Endodeca serpentaria (L.) Raf.

Virginia serpentaria

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New England Distribution

Adapted from BONAP data

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North America Distribution

Adapted from BONAP data

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Facts About

Virginia serpentaria, although globally secure and present in 26 eastern states, is very rare in New England, currently only found in a few sites in Connecticut. It inhabits a variety of upland forest communities, usually in dry, rich, rocky, deciduous or mixed-deciduous forests. Although historically used by Native Americans for its medicinal properties, the marketing of this species is banned in the United States and other countries because of known carcinogenic and nephrotoxic effects of aristolochic acid.

Habitat

Forests, woodlands

Characteristics

Habitat
terrestrial
New England state
Connecticut
Flower petal color
NA
Leaf type
the leaves are simple (i.e., lobed or unlobed but not separated into leaflets)
Leaf arrangement
alternate: there is one leaf per node along the stem
Leaf blade edges
the edge of the leaf blade is entire (has no teeth or lobes)
Flower symmetry
there is only one way to evenly divide the flower (the flower is bilaterally symmetrical)
Number of sepals, petals or tepals
there are three petals, sepals, or tepals in the flower
Fusion of sepals and petals
the petals or the sepals are fused into a cup or tube
Stamen number
6
Fruit type (general)
the fruit is dry and splits open when ripe
Fruit length
8–10 mm
Show All Characteristics
  • Clonal plantlets
    Bulbils
    the plant does not appear to have bulbils
    Bulblets replace flowers
    there are no bulblets where the flowers are located
  • Flowers
    Calyx symmetry
    there is only one way to evenly divide the calyx (the calyx is bilaterally symmetrical)
    Carpels fused
    the carpels are fused to one another
    Cleistogamous flowers
    there are no cleistogamous flowers on the plan
    Corolla palate
    • NA
    • no
    Corona lobe length
    0 mm
    Epicalyx
    the flower does not have an epicalyx
    Epicalyx number of parts
    0
    Flower description
    the flower has an inferior ovary, with or without a hypanthium
    Flower petal color
    NA
    Flower symmetry
    there is only one way to evenly divide the flower (the flower is bilaterally symmetrical)
    Flowers sunken into stem
    no
    Form of style
    the style is lobed at the tip, and unbranched
    Fusion of sepals and petals
    the petals or the sepals are fused into a cup or tube
    Horns in hoods (Asclepias)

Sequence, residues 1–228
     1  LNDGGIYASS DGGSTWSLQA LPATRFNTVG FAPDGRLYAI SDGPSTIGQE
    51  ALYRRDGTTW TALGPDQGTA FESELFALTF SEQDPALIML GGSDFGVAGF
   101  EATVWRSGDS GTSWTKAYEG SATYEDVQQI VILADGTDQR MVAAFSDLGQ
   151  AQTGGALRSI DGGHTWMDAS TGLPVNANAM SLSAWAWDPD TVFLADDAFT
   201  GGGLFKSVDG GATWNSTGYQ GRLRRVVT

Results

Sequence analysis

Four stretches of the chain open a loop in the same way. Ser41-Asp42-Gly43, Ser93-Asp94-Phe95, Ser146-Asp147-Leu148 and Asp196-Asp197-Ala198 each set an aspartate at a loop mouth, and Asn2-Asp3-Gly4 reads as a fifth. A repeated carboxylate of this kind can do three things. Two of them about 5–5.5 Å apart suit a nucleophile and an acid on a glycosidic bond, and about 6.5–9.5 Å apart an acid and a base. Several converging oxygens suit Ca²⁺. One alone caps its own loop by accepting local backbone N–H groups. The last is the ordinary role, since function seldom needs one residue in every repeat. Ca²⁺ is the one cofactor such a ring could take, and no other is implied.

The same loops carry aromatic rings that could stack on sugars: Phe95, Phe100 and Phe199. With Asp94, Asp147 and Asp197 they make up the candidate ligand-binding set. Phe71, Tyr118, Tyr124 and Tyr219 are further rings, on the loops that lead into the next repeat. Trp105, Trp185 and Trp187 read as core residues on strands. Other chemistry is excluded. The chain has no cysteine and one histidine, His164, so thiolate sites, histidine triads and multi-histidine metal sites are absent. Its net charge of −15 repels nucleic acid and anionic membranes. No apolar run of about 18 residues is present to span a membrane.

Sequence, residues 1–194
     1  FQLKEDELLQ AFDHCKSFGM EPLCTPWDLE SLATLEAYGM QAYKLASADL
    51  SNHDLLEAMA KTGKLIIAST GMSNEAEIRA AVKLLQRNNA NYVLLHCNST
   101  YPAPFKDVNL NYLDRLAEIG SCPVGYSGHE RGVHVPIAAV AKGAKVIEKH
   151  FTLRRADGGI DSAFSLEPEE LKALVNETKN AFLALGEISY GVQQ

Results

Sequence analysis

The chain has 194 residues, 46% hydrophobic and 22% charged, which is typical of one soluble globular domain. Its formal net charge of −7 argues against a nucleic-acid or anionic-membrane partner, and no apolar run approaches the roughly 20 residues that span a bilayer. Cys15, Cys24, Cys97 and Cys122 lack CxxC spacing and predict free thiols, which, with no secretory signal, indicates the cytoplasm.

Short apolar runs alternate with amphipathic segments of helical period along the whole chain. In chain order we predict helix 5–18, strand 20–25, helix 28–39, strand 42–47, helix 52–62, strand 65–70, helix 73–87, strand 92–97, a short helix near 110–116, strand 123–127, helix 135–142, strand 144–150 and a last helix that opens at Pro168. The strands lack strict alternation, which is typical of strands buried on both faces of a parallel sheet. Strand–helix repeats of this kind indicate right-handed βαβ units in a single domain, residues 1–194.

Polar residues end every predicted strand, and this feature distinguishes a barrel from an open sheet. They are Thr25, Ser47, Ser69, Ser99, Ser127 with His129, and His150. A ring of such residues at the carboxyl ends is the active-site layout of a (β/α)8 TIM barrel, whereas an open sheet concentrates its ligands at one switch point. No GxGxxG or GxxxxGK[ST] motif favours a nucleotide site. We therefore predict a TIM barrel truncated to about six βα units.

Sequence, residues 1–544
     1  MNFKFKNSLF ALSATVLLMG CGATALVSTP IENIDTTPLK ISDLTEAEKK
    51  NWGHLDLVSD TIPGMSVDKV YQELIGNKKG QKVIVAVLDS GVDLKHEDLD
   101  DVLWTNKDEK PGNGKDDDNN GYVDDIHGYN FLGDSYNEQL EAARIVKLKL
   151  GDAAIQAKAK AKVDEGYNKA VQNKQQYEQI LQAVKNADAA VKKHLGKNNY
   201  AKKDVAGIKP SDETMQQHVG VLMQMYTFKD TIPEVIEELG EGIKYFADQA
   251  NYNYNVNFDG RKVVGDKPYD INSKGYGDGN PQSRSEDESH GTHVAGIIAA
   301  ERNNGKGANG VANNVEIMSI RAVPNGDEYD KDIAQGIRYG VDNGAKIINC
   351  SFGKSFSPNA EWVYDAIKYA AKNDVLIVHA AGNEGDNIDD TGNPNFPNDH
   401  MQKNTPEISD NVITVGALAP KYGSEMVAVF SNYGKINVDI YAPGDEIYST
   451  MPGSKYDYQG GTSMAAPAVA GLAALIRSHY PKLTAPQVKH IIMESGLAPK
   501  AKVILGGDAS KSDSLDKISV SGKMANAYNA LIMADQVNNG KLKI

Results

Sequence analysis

NA
    Hypanthium
    the flower does not have a hypanthium
    Inflorescence one-sided
    the flowers are arrayed in a spiral around the inflorescence axis or branches, or occur singly, or in several ranks
    Inner tepals (Rumex)
    NA
    Nectar spur
    the flower has no nectar spurs
    Number of pistils
    1
    Number of sepals, petals or tepals
    there are three petals, sepals, or tepals in the flower
    Ovary position
    the ovary is below the point of petal and/or sepal attachment
    Petal and sepal arrangement
    the flower includes only one cycle of petals or sepals
    Petal and sepal colors
    • blue to purple
    • yellow
    Petal appearance
    • NA
    • the petals are thin and delicate, and pigmented (colored other than green or brown)
    Petal hairs (Viola)
    NA
    Petal number
    0
    Petal tips (Cuscuta)
    NA
    Scales inside corolla
    • NA
    • no
    Sepal and petal color
    NA
    Sepal appendages (Oenothera)
    NA
    Stamen attachment
    the stamens are not attached to the petals or tepals
    Stamen number
    6
    Stamen position relative to petals
    NA
    Umbel flower reproductive parts
    NA
    Upper lip of bilabiate corolla
    NA
  • Fruits or seeds
    Achene relative orientation
    NA
    Achene shape
    NA
    Achene surface (Polygonum)
    NA
    Achene type
    NA
    Berry color
    NA
    Capsule color (Viola)
    NA
    Fruit (pyxis) dehiscence
    NA
    Fruit features (Brassicaceae)
    NA
    Fruit length
    8–10 mm
    Fruit locules
    six or more
    Fruit type (general)
    the fruit is dry and splits open when ripe
    Fruit type (specific)
    the fruit is a capsule (splits along two or more seams, apical teeth or pores when dry, to release two or more seeds)
    Legumes (Fabaceae)
    NA
    Mericarp segment shape (Desmodium)
    NA
    Other markings on berry
    NA
    Placenta arrangement
    the plant has axile placentation, in which the ovules are attached where the septa of a compound ovary are united, usually on the central axis, or to the septa themselves
    Rows of seeds in fruit (Brassicaceae)
    NA
    Schizocarpic fruit compression
    NA
    Schizocarpic fruit segments
    0
    Septum in fruit (Brassicaceae)
    NA